The Swedish Research Council grants SEK 2.6 million to researcher at Jönköping University - in support of Cambodia

Nerrolyn Ramstrand, professor at the School of Health and Welfare, Jönköping University, has for many years worked to support orthopedic technology projects in low- and middle-income countries in Africa and Asia. She and a group of international researchers have now received funding from the Swedish Research Council to develop a work that has begun in Cambodia.

Professor Nerrolyn Ramstrand on site in Cambodia during the pilot project that preceded the mental screening project that is starting now.

The research project in Cambodia aims to support the mental health of people with physical disabilities. The region has had the highest proportions of disabled people in the world because of political conflicts that left the country with a high number of landmines in the 1960s and 70s. These have since remained for decades and injured a large part of the population.

“Individuals with disabilities face many obstacles in low- and middle-income countries. There may be limited access to care, education, and the labor market. Together, these obstacles pose a greater risk for poverty,” Nerrolyn Ramstrand explains.

People with disabilities also have a greater risk of experiencing a secondary health problem, physical or mental. These people are often among the poorest of the poor. Therefore, researchers will address the poorest and most vulnerable individuals who have a combination of physical and mental disorders.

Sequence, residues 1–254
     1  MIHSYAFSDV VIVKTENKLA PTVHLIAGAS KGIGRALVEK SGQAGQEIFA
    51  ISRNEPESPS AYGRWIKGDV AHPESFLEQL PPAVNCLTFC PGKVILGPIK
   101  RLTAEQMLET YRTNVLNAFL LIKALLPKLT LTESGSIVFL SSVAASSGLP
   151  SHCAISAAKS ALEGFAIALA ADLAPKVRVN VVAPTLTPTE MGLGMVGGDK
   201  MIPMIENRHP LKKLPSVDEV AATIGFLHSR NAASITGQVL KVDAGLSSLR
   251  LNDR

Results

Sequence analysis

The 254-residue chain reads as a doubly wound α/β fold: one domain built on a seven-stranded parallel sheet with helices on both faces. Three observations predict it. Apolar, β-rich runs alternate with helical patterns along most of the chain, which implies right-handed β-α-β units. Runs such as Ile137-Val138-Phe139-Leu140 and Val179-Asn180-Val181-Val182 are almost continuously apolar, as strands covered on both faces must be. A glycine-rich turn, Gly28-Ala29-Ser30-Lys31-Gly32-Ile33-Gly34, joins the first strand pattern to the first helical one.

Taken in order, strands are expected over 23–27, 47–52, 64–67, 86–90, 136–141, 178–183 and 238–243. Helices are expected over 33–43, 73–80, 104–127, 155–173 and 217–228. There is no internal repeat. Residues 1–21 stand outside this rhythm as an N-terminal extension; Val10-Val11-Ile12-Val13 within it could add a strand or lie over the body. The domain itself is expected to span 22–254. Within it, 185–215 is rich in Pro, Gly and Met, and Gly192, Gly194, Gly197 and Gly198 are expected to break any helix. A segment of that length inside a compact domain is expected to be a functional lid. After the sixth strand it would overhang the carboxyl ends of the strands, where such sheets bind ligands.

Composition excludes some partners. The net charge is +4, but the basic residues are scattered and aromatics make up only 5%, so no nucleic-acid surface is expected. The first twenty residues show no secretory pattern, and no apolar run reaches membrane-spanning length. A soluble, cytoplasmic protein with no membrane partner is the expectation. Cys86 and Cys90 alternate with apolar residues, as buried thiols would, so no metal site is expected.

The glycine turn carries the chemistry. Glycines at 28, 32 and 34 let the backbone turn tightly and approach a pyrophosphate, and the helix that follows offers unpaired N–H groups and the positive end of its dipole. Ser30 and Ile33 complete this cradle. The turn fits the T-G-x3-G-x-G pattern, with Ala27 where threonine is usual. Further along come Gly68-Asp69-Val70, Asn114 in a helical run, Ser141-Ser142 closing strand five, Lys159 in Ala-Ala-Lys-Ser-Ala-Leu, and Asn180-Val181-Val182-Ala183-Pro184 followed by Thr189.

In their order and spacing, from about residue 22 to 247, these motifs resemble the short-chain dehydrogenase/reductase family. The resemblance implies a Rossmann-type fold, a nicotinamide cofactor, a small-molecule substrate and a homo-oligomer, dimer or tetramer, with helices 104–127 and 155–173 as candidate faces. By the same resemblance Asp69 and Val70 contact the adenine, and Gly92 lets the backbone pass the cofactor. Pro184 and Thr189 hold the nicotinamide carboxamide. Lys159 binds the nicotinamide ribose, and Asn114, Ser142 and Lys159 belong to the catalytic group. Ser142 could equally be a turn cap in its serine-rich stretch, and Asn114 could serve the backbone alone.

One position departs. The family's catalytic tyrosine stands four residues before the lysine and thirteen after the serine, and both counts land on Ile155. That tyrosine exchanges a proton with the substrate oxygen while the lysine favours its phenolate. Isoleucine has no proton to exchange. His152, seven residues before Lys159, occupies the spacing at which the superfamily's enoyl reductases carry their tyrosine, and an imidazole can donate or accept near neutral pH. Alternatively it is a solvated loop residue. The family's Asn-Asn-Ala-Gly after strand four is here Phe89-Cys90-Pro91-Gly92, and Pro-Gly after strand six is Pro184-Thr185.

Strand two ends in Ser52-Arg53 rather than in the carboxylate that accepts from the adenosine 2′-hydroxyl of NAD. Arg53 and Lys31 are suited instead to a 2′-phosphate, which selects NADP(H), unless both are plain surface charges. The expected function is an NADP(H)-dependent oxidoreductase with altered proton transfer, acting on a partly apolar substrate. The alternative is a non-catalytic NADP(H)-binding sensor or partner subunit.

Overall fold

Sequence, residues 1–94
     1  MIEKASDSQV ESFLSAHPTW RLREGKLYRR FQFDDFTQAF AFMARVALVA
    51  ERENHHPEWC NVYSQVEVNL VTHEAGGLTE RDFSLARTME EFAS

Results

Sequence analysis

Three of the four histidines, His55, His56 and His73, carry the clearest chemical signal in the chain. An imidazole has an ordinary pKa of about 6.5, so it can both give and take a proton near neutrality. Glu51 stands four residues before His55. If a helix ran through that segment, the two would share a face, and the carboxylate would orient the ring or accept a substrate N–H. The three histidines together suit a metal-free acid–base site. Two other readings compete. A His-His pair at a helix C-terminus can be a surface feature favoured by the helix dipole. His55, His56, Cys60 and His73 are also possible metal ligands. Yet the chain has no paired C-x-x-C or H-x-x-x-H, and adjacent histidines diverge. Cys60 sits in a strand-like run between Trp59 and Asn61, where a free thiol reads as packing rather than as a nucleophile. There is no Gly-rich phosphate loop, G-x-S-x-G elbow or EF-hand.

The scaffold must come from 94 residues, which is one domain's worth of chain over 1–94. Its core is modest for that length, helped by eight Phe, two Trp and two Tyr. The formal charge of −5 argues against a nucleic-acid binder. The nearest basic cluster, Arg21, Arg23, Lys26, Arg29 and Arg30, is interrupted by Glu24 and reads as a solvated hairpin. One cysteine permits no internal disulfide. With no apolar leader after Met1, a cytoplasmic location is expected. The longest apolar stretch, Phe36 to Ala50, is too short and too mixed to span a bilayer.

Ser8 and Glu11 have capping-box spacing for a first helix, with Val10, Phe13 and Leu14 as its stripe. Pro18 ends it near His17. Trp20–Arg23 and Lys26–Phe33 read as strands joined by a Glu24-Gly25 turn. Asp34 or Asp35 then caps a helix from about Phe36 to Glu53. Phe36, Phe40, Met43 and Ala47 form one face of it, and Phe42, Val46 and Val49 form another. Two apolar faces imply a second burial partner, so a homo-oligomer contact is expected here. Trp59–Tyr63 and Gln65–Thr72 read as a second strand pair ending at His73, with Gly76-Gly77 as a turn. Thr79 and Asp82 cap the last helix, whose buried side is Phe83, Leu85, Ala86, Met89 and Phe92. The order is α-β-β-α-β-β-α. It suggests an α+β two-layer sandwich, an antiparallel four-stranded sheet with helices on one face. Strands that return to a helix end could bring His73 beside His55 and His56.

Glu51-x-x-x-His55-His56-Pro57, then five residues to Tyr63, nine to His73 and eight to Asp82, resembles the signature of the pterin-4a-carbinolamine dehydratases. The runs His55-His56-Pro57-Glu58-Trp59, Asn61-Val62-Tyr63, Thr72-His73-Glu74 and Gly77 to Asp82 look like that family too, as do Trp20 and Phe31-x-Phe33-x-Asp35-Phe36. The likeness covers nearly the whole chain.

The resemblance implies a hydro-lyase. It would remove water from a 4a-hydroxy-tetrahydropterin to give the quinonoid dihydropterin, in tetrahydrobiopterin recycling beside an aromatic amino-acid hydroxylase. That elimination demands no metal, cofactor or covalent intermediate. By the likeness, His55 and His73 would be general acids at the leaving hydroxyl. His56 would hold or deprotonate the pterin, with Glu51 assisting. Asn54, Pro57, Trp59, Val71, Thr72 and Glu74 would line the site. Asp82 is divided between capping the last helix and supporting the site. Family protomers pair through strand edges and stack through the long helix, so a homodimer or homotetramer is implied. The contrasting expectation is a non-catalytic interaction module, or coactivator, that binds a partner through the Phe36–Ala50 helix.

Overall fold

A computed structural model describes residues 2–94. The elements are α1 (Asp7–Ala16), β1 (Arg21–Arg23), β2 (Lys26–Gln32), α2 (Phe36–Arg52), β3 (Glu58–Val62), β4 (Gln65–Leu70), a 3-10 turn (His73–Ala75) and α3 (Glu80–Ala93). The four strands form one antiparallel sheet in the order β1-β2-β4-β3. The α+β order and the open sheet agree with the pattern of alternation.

“Our overall objective is to develop and implement a sustainable screening and support program for people with physical disabilities who also have mental health problems and thereby improve their health and well-being. We believe that the project can increase the opportunity for them to participate in society in a more equal way and reduce the risk of them living in poverty. On a later stage we also want to be able to transfer the program for use in other low- and middle-income countries. Then more people can be helped,” says Nerrolyn Ramstrand.

Co-applicants in the project are:

Dr. Paul Best, Queen’s University, UK
Nil Ean, Lecturer, EMDR Association Cambodia
Sisary Kheng, Masterexamen, Exceed-Worldwide,
Dr. Alan Maddock, Trinity College Dublin, Irland